68.8 F
Naperville
Monday, February 26, 2024

Be thankful for May Theilgaard Watts

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As Illinois days grow shorter and cooler, when we step onto the trail at May Watts Park, we’re mindful that the colorful landscape surrounding May Watts Pond is a natural tribute to former Naperville resident, May Theilgaard Watts.

Born in Chicago to Danish parents, naturalist May Watts (1893-1975) is remembered worldwide for her ideas and dedication to the Illinois Prairie Path when she lived at 227 E. Jefferson Ave. near North Central College.

Find the former home of May Theilgaard Watts at 227 E. Jefferson Ave. (PN File Photo)

Watts enjoyed a passion for preserving, writing and teaching about the great outdoors at the Morton Arboretum. Even more, in 1963, the mother, activist, and visionary, wrote a letter to the Chicago Tribune, proposing the first rail trail in the U.S.

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All these years later, the park, trail and District 204 elementary school bordered by Countryside and West Wind subdivisions in the heart of Naperville are a tribute to her devoted efforts back in the 1960s.

May Watts Elementary School is situated just west of the pond, playing fields and a recently updated playground in the park named to honor educator and naturalist, May Theilgaard Watts. (PN Photo)

Visitors can enter May Watts Park to trek its .89-mile trail through the park and around the pond from Oakton, Whispering Hills and Sequoia roads.

Be prepared to see anglers, seagulls, great blue heron, egrets, double-crested cormorants, ducks, geese, squirrels, chipmunks, coyotes and maybe even a muskrat among the wildlife and many native Illinois birds that don’t migrate.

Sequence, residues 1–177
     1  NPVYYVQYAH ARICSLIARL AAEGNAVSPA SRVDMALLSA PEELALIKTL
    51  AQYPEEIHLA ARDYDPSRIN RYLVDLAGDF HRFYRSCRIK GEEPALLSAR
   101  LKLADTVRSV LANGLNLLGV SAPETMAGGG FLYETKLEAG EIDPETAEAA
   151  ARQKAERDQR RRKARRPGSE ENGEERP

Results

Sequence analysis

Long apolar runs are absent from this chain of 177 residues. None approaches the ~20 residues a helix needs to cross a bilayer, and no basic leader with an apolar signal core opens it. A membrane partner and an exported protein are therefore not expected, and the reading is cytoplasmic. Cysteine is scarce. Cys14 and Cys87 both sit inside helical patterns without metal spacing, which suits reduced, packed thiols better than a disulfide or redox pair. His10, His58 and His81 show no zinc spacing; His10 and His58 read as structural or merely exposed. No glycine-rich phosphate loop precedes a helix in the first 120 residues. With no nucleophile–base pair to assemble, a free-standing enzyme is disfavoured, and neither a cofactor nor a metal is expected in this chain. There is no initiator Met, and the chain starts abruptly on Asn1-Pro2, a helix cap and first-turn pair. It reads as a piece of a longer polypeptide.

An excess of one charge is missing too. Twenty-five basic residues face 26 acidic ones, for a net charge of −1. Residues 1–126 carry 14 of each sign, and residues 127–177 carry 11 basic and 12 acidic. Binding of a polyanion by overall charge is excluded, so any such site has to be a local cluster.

Buddy up with a friend to hit the trail and note the new playground behind the school with a bright yellow buddy bench that’s inscribed with a quote by Ralph Waldo Emerson: “The only way to have a friend is to be one.”

A buddy bench or “friendship bench” is a seat in the May Watts Elementary School playground where students can go when they want to talk to someone. (PN File Photo)

Naperville is blessed with more than 130 natural park settings throughout the city where every season provides time to observe wildlife during peaceful walks through neighborhoods or along the Riverwalk.

In early October, May Watts Sled Hill was beginning to reflect the colorful changes of the season. When it snows, the joyful noises of kids sledding will fill the park. (PN Photo)

Just remember, whatever the season and whatever the park, let wildlife be wild. Let the ecosystem thrive. Keep waterways clean. Pick up after pets. Encourage natural migration by keeping human food and snacks away from wildlife—especially ducks and geese.

Seize the moments to see nature run its course this autumn, this winter and then some.

—PN

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PN Editor
PN Editor
An editor is someone who prepares content for publishing. It entered English, the American Language, via French. Its modern sense for newspapers has been around since about 1800.

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